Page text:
A recent discussion with another woman about this has given me the opportunity to fully reflect on my Western, socialised views of sex and this incident and to appreciate just how unthreatening and non-abusive/power dominant it was.  For this young man it appeared that sex with me might be fun/was an opportunity not to miss (western woman)/sates physical urges.  I didn’t feel threatened or coerced (I think my age and recent experience and confidence helps me with this as well) once over the initial shock and anxiety, and that the initial feelings are more of a collision of socialised ‘norms’ rather than actual ‘in the moment’ issues.  As ever it more about how I react and deal with my internal self as well as the external situation.

These instances were just the first indicators of the differences in the Mongolian views of people in general as well as of women in particular which I encountered in the country.  Mongolia seemed to me to be a place of high pragmatism bordering on a flattening of the idea of ‘humanity’ and paradoxically of generosity and warmth.  The people I met either treated me like family and were beyond generous or appeared to view me as less useful (see almost invisible) than their canine companion and therefore only worthwhile in what could be gained from me.  The differentiation of these roles I played came about very quickly in interactions depending on circumstances and location.  Mongolia is an extremely harsh landscape to survive in and it is not surprising that a pragmatic, non emotional code is in place.  As a result of this however there is also a very strong stand of equality that runs through the pragmatism … being female doesn’t matter as much as it does in other cultures as my value is in ‘what I can give’ rather than the more social and potentially gendered concepts of ‘what I am’.

Interactions with different people continued to vacillate between these polarities as I crossed the country.  In Numrug I encountered an amazing woman, Gilthma, who invited to me stay in her utterly beautiful Ger with her mother.  We spent an incredible day pantomiming our way through conversations about England, about her animals and about her job in the local museum, taking time to show me around the exhibits there and encouraging me to fire a pistol which was evidently of importance and I think shot someone political (!) but there are certain limits to the intricacies that pantomimed language can do.  She was part of the local dramatic society and made all their local costumes so she took me to the hall they use and on stage we danced together and laughed and I watched one of the local teenagers rehearse his speech.  On our return to the Ger we celebrate because her cow has safely given birth to a calf.  Its a full day of happy communication, mutual joy at the interaction, traditional food and traditional activities.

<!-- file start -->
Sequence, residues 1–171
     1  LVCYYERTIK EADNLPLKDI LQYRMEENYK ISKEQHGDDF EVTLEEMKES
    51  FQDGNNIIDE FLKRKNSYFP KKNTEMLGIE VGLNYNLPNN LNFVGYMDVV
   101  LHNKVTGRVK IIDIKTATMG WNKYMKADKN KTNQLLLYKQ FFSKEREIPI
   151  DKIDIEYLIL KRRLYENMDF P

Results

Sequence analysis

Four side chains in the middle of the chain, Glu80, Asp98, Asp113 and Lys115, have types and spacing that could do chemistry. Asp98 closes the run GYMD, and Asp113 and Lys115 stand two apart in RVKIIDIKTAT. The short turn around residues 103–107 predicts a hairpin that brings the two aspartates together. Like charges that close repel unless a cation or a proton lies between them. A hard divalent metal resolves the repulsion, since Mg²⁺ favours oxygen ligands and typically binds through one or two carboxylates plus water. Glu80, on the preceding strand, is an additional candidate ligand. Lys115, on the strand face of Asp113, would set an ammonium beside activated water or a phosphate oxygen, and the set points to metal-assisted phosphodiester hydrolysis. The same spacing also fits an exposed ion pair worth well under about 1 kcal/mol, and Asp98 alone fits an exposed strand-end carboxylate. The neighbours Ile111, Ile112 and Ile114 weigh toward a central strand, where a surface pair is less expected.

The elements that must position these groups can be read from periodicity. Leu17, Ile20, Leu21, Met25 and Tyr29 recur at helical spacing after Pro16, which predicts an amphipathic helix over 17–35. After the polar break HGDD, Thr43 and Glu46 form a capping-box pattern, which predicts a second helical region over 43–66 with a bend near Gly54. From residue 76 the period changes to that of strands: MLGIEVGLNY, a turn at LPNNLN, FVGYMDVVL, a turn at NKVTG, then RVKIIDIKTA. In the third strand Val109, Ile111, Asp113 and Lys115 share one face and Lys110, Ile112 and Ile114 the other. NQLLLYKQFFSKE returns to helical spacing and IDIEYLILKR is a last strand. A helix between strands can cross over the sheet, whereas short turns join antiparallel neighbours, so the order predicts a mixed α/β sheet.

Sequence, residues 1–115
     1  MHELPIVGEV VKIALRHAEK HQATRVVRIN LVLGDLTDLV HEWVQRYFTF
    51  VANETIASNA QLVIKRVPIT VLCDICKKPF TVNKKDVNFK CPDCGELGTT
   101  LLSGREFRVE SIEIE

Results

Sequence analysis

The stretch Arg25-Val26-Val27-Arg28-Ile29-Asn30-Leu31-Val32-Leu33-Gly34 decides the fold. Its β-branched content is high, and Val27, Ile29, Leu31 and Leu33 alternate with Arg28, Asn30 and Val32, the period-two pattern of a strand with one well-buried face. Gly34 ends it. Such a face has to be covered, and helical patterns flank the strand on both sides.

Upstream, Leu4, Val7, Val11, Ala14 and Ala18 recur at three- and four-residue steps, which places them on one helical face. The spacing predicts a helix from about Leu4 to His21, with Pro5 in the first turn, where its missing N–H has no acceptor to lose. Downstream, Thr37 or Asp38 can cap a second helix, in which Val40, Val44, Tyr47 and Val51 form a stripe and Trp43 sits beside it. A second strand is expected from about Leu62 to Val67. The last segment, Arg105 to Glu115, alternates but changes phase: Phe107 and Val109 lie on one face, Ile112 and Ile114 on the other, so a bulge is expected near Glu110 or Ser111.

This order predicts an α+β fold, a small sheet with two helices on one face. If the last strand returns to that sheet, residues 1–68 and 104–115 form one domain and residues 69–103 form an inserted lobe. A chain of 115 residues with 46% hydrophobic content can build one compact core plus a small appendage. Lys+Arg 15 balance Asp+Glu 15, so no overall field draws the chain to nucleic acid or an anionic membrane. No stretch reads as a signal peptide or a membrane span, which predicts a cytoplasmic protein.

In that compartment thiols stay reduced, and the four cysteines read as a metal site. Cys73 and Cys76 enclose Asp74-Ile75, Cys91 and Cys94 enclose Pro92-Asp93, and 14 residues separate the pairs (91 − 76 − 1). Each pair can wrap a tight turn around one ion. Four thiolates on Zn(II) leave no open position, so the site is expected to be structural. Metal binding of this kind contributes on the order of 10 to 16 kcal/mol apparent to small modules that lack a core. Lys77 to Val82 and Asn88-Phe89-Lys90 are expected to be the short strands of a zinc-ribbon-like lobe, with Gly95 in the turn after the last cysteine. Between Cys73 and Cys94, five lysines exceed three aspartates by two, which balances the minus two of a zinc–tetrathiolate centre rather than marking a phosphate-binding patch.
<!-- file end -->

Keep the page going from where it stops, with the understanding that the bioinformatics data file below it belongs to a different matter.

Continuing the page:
On either side of this day are theft and an utter lack of care for me as an individual.  I have my Primus petrol bottle and pump stolen off my bike whilst camping in a petrol station before staying with Gilthma and then following the stay and on yet another dreadful, mud filled, icy track both trailer panniers (unnoticed initially) detach themselves from my Extrawheel trailer, fall to the ground and are picked up by the only vehicle for the next 4 hours.  The car passes me as I realise the situation, evidently knowing they are mine but out here is a conceptually level playing field … they are (unfortunately) available, I lose.

I lose … water filter, bike parts, replacement brake pads, bike pump, first aid kit, dollars, wallet with bank card and a food pannier, recently restocked.  In this situation the first loss (the Primus bits) has precipitated the second through me getting caught up and frustrated and angry (see overly emotional) … and then not ensuring that the carrabina clips on the panniers are attached to the frame.

The intertwining of tough and fun times, ‘good’ and ‘bad’ is as complex and in flux as the changing weather.  The dynamic nature of cycle touring is always present but in Mongolia it became even more prominent in my mind and in how I was doing things.  Likewise the need to stabilise myself and level out my emotions became more important … however this is me talking in hindsight and was not a thing I effectively managed there!

Getting back into wild camping was a very different experience in Mongolia.  I very quickly stopped worrying about attempting to hide my tent since the local herders know their land and there was no way I could ‘out stealth’ them!  I would frequently look for a suitable spot, see no-one, start setting up the tent and out of nowhere a herder on a horse or motorbike would magically appear to see what I was doing and then once satisfied with the answers I was providing would disappear again!

The seasons and weather play a dominant role in Mongolia, extremely cold winters and hot summers, and since I was crossing in the Winter/Spring shoulder I was able to experience temperatures varying from -15℃ in one place to 10℃ in another (night and day). Likewise I was  using snow to melt for cooking etc in some places and then finding water from melting rivers and streams in others.  Food had to be carried for long distances as there was often nowhere I could stock up my supplies and so I became a bit of a food hoarder.  ’Just in case’ became a bit of a habit in Mongolia but then so did ‘I can’t do that I need to do something different’!!